Workers at Calais and MyFerryLink react badly to Eurotunnel selling the Dover-Calais operator’s ships to rival DFDS.
Plus, a new batch of hybrid Toyota Prius for reformed Ukraine traffic police. Horrifying death toll on Polish roads last weekend. DVLA computer system crashes on day driving licence paper counterpart abolished. The north side of the Gotthard Pass is likely closed until mid-July.
EUROTUNNEL SELLS MYFERRYLINK SHIPS
Keeps Nord Pas de Calais, possibly for hazardous freight.
A wildcat strike by MyFerryLink workers following Eurotunnel’s sale of its ferries to DFDS yesterday was quickly called off this morning.
The operator said it was, ‘Pleased to advise MyFerryLink services will resume with the 12:15 ex Calais & 13:30 ex Dover and will continue with a full schedule.’
As expected, it was announced last night that Eurotunnel will sell two of MyFerryLink’s three ships to rival Dover-Calais operator DFDS after a protracted legal battle sparked by the UK competition authority.
In an earlier statement, Eurotunnel said it ‘regrets’ that MyFerryLink had not been able to mount its own takeover.
It continues, ‘The manner in which DFDS conducted itself during the recruitment of ex SeaFrance personnel in 2012 gives hope for the best solution possible with regard to preserving employment, without interruption to services.’
Later on however, after Eurotunnel boss Jacques Gounon admitted in a press conference that not all MyFerryLink jobs would be preserved, dock workers in Calais downed tools ‘in solidarity’ for three hours this afternoon, paralysing all ferry services.
Meanwhile, MyFerryLink was struggling with the news that the chairman of its supervisory board Didier Cappelle has been found dead this morning after a suffering a suspected heart attack.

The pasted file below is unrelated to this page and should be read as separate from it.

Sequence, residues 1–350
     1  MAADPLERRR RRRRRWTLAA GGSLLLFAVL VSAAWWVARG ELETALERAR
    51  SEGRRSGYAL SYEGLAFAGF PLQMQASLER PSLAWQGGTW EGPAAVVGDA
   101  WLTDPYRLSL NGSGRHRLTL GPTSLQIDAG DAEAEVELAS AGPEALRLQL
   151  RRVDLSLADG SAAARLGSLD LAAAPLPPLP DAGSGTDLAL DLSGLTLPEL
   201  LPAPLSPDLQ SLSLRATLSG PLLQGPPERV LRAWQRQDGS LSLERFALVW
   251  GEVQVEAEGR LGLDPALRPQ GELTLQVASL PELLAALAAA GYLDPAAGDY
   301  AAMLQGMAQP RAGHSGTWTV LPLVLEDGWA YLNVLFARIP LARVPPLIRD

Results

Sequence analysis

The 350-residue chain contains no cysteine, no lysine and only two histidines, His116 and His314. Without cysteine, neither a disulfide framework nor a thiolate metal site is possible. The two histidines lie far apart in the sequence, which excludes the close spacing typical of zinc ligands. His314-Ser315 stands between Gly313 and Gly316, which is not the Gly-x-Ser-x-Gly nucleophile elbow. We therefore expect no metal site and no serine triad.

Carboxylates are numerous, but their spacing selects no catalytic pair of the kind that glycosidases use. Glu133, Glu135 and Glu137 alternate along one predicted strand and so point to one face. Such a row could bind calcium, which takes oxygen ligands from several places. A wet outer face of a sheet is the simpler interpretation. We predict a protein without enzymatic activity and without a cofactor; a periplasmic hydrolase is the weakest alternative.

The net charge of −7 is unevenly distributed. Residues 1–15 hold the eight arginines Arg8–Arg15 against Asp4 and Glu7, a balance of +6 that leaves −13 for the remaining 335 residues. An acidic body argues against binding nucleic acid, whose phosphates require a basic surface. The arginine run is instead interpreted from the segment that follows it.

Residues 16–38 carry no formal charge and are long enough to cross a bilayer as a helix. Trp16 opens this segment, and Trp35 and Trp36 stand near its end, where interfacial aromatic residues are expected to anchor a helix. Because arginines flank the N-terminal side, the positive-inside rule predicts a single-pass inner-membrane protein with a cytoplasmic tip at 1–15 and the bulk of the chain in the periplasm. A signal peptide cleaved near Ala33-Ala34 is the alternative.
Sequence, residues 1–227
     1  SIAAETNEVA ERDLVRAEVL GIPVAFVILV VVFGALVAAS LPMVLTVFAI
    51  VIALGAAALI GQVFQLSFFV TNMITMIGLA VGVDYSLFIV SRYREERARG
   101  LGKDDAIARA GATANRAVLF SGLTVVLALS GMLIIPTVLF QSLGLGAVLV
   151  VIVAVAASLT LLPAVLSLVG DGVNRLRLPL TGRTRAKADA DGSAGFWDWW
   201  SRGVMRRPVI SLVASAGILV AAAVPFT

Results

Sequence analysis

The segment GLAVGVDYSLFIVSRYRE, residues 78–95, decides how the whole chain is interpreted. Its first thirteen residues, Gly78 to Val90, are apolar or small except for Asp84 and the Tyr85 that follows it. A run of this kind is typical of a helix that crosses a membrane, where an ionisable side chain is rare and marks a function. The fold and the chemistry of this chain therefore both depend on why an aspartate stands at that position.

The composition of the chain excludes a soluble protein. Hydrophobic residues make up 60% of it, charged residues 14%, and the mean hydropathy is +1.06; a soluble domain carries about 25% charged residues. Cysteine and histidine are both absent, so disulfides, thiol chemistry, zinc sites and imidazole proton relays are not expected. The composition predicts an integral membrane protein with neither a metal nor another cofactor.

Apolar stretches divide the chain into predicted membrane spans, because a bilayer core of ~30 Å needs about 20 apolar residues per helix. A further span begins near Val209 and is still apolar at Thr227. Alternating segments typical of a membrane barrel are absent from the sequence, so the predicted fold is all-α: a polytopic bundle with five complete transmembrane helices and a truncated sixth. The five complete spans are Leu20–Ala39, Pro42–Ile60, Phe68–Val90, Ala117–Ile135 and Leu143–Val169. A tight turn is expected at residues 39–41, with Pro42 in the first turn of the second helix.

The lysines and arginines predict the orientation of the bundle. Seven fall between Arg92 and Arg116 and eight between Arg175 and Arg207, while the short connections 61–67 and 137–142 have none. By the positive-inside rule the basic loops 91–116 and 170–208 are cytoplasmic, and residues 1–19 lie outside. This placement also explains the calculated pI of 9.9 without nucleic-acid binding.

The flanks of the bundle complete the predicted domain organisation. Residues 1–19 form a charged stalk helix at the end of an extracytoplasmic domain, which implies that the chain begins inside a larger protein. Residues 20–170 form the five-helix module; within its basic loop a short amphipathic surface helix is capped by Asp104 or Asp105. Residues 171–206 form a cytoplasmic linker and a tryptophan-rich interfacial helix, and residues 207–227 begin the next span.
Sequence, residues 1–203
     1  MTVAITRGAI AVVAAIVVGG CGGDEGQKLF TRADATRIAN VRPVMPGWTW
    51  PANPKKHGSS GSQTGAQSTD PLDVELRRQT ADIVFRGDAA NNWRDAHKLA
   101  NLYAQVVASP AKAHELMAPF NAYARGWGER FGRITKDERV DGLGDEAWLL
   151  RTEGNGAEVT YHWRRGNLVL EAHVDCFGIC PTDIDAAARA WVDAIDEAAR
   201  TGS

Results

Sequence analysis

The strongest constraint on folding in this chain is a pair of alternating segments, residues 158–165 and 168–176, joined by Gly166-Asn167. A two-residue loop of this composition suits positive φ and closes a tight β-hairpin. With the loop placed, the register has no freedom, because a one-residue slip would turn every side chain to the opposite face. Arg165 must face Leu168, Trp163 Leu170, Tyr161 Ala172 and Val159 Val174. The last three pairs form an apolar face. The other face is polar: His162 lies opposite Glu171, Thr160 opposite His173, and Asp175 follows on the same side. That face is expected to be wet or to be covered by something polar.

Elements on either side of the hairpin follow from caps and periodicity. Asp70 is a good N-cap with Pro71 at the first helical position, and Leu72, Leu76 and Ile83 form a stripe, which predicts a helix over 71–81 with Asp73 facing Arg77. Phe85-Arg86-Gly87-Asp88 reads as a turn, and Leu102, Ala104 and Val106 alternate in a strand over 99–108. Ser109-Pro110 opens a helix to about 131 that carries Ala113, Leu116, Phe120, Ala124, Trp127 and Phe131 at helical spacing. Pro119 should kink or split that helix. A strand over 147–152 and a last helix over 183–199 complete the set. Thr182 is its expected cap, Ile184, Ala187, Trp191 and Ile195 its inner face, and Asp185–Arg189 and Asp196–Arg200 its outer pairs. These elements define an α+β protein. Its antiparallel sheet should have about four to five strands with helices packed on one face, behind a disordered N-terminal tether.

MyFerryLink employs 476 people of which 370 work on board the ferries.
The deal takes effect from 2 July according to DFDS.
Meanwhile Eurotunnel says it will keep the third ship, Nord Pas de Calais, though in exactly what capacity is not completely clear, or what brand it will sail under.
Pending agreement by the competition authority, the firm says it will be ‘operated in co-ordination with the Fixed Link’.
Industry insiders speculate that the ship will be used to carry hazardous freight.
roundup: POLAND. Forty six people died on the roads over the Corpus Christi holiday weekend reports Radio Poland, the same number as last year. Police blame speeding, ‘arrogance’ and DUI. While Poland has traditionally been regarded as having the most dangerous roads in Europe, total deaths fell by 17% in the past five years, and by 3% last year. According to the most recent World Health Organisation statistics, Polish roads are only marginally more dangerous than those in the USA. DRIVING LICENCE. The paper counterpart to the UK driving licence is abolished today (8 June). It will likely make life more difficult for drivers wanting to hire cars abroad. They will have to log onto the DVLA website for an access code to show hirers any endorsements or points. Demand was so great today that the DVLA computer system crashed. The AA advises drivers to hold onto their paper counterparts ‘for the time being’. See the official step by step guide to the new system here. SWITZERLAND. Rock fall late last month in the Schollenen Gorge, at the north end of the Gotthard Pass, means the road will be closed likely until mid-July we are told by local @MakingAndermatt. A large chunk of loose rock is still hanging above the road. The south side of the H2 Gotthard Pass is open, as is the access to the Furka Pass, and the Oberalp and Lukmanier Passes (via Andermatt). For the latest information on getting around the mountains in the area see the official Andermatt website. Otherwise see our PassFinder.